American Government and Politics

Implications of Court Curbing in the US States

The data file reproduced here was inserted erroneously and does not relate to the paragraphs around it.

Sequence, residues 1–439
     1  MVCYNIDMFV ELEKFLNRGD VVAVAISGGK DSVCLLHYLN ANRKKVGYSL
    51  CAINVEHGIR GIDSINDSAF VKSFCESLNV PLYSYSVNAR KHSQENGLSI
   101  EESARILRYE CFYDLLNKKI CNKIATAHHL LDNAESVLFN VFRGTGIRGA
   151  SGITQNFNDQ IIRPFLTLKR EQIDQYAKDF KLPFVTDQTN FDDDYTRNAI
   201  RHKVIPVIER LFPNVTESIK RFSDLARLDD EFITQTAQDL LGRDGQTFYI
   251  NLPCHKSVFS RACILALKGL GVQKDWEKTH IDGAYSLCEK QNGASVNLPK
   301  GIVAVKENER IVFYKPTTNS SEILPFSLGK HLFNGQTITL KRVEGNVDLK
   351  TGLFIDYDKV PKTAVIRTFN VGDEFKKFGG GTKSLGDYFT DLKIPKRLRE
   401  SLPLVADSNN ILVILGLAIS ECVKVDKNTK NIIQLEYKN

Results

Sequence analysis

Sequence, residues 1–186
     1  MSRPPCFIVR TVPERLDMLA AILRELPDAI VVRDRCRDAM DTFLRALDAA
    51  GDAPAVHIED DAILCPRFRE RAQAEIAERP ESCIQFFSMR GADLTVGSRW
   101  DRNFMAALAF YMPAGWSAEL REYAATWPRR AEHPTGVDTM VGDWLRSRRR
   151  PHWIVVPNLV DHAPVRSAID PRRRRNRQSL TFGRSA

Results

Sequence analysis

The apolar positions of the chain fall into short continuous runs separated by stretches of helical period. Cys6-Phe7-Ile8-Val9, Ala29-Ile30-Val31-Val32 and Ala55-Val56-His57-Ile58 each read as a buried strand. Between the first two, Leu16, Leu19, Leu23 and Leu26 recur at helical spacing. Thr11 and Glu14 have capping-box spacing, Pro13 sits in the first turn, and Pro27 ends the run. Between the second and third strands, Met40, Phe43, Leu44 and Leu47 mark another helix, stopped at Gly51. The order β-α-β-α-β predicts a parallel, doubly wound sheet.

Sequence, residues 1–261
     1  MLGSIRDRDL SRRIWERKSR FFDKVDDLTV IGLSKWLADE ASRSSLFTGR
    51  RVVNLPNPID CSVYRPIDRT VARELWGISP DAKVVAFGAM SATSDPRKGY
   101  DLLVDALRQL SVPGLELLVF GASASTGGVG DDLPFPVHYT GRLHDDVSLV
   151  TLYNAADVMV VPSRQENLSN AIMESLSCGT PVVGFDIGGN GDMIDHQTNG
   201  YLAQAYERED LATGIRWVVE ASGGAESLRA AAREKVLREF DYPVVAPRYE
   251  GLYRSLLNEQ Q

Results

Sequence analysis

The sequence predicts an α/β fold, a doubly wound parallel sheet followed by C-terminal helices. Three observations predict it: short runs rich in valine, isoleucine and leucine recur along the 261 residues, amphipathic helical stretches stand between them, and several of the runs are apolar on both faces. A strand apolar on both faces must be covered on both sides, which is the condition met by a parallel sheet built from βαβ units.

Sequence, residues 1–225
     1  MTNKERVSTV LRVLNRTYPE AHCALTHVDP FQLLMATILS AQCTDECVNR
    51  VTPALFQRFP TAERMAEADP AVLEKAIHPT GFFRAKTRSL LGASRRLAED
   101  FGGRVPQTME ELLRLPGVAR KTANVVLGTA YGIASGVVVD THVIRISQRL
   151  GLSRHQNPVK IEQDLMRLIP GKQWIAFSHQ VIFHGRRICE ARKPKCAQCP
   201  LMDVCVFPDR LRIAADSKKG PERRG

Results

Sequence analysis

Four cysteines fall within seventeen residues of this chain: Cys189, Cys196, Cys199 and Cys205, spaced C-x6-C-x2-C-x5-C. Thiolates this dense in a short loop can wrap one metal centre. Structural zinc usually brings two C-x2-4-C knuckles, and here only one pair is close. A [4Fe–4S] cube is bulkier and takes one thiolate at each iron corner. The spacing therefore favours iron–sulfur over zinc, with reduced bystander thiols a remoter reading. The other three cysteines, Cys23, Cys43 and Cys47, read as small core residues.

State courts decide far more cases than federal courts, impacting the daily lives of state citizens. However, considerably less is known about judicial decision-making among state court judges, particularly when subject to court-curbing activity by other policy-makers. This paper examines the implications of court curbing on the judicial behavior of US state court judges. Court curbing aims to diminish judicial independence and alter the balance of powers among branches of government. However, the extent of influence these attacks have on targeted judiciaries is largely unknown. I argue that judges alter their decision-making around cases based on recent court-curbing activity. Specifically, I utilize two novel measures of court curbing, court-curbing intensity and court-curbing likelihood, which serve as indicators of the levels of potential institutional change to the court and likelihood that a proposal will be enacted. These measures extend beyond the simple counts of court-curbing proposals used in past studies.


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